You have been fueling baby and your body with nourishing foods throughout your pregnancy, but what about during labor? One may not have an appetite during labor, but knowing what foods support digestion, progression, and contractions can relieve stress. During early labor, your body uses a lot more energy than you may think. By eating these foods, you can ensure a steady and energized birth.
Certain nutrients, including complex carbs, protein, and fruits and vegetables, will keep you going throughout your entire labor. They will also aid with the healing process and with the start of breastfeeding. Utilizing this knowledge and making informed decisions when preparing foods for early labor is essential for you and your baby’s health!
Foods to Eat in Early Labor
Carbohydrates are our primary fuel source for all our daily activities. Complex carbohydrates are slower digesting and full of fiber to keep our bodies using the glucose produced by those foods for a more extended period of time. In other words, more complex carbs = more energy! By ensuring you eat enough carbs to fuel the entire birthing process, as well as prevent digestive discomfort during early labor, try incorporating these foods into snacks or meals:
Granola bars are whole-grain options that are easy to keep in a hospital bag or your pantry. They will keep you full for longer than a processed snack alternative. Be sure to be mindful of the amounts of sugar in them, though, and opt for sugar-free or lower added sugar (less than 4 grams per serving) options.
Packing a Ziploc of whole-grain cereal may seem like a snack for your infant down the line, but it is a great option to keep on hand during labor. The grains in cereals move quickly through the digestive tract and can help keep you regular, even during labor.
Eating extra protein during early labor can help your muscles stay strong during a long stretch of stress, as well as recover quicker once baby is here. Protein also prevents many moms from excessive tearing. Your overall protein needs are increased during strenuous activity, like labor! Here are a couple of good options for protein-rich foods:
Greek yogurt packs about 12 grams of protein per ½ cup serving. This quick snack can be easily eaten during any stage of labor and can help your body recover.
Sipping on a protein-packed smoothie not only allows you to get your needs in fast but can also help keep you hydrated. Whey or plant-based protein powders can be purchased at your local grocery store or online and make a great staple to have on hand.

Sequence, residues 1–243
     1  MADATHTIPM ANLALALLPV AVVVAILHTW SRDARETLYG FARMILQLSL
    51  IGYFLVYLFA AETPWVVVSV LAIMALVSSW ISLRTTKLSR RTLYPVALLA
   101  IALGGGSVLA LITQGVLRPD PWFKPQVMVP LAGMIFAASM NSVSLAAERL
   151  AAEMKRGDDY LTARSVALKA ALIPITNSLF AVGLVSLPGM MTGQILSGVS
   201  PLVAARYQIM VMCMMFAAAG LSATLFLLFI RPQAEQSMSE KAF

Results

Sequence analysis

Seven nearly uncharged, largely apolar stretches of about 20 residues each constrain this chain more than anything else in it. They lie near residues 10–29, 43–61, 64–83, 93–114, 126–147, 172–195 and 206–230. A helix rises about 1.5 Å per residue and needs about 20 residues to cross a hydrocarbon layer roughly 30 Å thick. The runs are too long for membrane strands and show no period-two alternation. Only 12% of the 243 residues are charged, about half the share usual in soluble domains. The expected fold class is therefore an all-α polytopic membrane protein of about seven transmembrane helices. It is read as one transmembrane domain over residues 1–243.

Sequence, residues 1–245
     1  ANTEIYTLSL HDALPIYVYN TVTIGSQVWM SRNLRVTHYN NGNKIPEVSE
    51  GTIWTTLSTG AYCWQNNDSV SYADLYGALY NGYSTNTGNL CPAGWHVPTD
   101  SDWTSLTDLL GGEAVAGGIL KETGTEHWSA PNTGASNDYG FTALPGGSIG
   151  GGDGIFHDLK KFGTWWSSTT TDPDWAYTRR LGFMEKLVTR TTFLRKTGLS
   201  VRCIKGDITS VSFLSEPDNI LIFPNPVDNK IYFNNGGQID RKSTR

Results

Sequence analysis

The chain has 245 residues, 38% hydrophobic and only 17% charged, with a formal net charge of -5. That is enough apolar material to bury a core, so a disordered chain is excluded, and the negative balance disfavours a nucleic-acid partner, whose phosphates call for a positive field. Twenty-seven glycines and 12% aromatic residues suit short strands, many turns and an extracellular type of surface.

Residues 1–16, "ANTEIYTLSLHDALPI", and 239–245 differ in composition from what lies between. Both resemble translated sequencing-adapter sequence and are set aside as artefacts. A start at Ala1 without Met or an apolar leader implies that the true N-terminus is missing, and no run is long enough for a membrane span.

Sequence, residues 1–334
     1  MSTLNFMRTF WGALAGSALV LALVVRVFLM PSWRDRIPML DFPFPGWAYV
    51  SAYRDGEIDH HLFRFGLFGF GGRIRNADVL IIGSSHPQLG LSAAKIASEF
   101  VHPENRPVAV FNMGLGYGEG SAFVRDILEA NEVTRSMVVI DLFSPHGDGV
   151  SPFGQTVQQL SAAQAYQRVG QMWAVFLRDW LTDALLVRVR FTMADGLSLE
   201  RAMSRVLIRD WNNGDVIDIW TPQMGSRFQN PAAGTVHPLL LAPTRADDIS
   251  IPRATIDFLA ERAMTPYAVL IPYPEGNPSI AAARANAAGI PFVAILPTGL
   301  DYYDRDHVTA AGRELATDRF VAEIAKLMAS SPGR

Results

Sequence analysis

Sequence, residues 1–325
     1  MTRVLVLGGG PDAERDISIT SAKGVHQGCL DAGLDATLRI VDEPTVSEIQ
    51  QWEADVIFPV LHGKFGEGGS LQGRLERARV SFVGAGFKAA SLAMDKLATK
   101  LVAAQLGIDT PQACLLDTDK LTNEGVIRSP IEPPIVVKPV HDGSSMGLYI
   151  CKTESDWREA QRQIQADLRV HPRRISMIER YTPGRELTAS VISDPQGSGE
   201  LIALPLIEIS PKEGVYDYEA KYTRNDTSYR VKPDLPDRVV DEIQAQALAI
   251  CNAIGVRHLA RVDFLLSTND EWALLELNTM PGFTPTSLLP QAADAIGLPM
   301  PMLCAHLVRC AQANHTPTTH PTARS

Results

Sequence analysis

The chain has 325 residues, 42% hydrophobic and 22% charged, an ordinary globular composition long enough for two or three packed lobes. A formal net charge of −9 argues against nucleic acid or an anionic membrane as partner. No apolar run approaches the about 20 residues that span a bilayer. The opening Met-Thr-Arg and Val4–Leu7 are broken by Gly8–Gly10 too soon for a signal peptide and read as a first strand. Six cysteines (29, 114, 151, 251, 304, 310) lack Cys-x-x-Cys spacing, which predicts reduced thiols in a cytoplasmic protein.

Colorful Fruits and Vegetables
Not only do raw fruits and vegetables taste great, but they pack a big nutritional punch. Each color carries different nutrients, from vitamin A in orange to vitamin K in green. Pre-slicing apples, bell peppers, carrots, and berries can help you prepare for early labor hunger.
Fruit is great because it is fast-digesting and filled with fiber and water. It will give your body the essential carbohydrate fuel you need to endure the rest of your labor. And you can never go wrong with vegetables! Adding a variety of cut veggies to your early labor snack can also add water, as well as water-soluble vitamins like vitamin C. This can help keep your electrolytes in check and prevent dehydration.
Pairing a fruit or vegetable with a fat and protein combo will allow the sugars in the produce to hit your bloodstream at a steady pace. Try combinations like apples and peanut butter or celery and hummus.
Foods NOT to Eat in Early Labor
On the contrary, there are some foods you should avoid during labor. These foods may not sit well in your stomach while your body works hard to deliver a baby. Try to aim for light, whole-food snacks rather than heavy meals or fat-dense meals.
Spare the Sauce
Sauces and condiments are often full of dense fats and oils. These can slow down our digestion and make labor harder. If using condiments or sauces, look for ones with little to no fat content on the nutrition label.
Leave the Leftovers
Leftover meals can be large portions of unbalanced nutrients. This combination can take longer to move through your digestive system and cause discomfort during labor. Instead, meal prep easily digestible snacks and meals to keep around for early labor.
Some foods can cause bloating, skin reactions, and other reactions if we are unknowingly intolerant to them. Avoid trying new foods during early labor to prevent additional digestive issues.
Using the information above, if you are in early labor and have an appetite, you should eat! Aim for whole-food carbohydrates and protein like yogurts, fruit, vegetables, and whole grains. These can relieve some anxiety surrounding the labor process and make for a happy baby.